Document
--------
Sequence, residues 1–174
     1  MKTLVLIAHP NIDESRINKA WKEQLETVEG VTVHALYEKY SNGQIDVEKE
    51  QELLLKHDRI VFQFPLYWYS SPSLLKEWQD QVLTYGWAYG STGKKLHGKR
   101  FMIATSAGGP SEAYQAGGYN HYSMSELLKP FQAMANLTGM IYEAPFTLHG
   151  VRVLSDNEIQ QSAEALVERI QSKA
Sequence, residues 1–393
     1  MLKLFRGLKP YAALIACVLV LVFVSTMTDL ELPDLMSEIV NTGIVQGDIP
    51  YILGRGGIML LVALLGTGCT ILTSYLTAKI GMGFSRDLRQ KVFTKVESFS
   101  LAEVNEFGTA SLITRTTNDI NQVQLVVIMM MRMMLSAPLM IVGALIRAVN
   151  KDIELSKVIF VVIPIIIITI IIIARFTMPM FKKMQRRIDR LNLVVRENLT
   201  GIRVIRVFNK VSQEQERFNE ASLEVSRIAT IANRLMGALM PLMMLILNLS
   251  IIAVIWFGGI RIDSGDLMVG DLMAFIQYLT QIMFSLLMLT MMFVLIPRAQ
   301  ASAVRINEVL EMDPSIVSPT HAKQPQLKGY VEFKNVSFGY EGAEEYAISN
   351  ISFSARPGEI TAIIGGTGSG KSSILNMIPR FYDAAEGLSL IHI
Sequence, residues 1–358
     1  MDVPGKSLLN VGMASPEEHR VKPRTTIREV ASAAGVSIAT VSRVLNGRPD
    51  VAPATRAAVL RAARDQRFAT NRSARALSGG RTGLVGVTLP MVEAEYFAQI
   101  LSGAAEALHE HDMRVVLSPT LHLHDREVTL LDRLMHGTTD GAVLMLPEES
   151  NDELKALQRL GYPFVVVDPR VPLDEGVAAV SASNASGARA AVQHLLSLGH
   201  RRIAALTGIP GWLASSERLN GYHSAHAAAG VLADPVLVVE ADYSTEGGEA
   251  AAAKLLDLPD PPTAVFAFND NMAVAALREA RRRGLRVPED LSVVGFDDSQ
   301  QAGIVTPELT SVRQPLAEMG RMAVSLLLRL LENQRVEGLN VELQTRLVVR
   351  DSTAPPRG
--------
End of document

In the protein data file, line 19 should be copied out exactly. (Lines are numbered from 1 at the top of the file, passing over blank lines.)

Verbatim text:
   151  NDELKALQRL GYPFVVVDPR VPLDEGVAAV SASNASGARA AVQHLLSLGH